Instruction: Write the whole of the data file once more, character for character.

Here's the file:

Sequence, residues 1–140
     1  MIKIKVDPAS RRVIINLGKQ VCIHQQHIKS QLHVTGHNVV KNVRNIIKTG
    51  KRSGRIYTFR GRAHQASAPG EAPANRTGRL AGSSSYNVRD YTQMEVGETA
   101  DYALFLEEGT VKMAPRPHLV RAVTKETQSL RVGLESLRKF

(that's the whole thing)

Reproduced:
Sequence, residues 1–140
     1  MIKIKVDPAS RRVIINLGKQ VCIHQQHIKS QLHVTGHNVV KNVRNIIKTG
    51  KRSGRIYTFR GRAHQASAPG EAPANRTGRL AGSSSYNVRD YTQMEVGETA
   101  DYALFLEEGT VKMAPRPHLV RAVTKETQSL RVGLESLRKF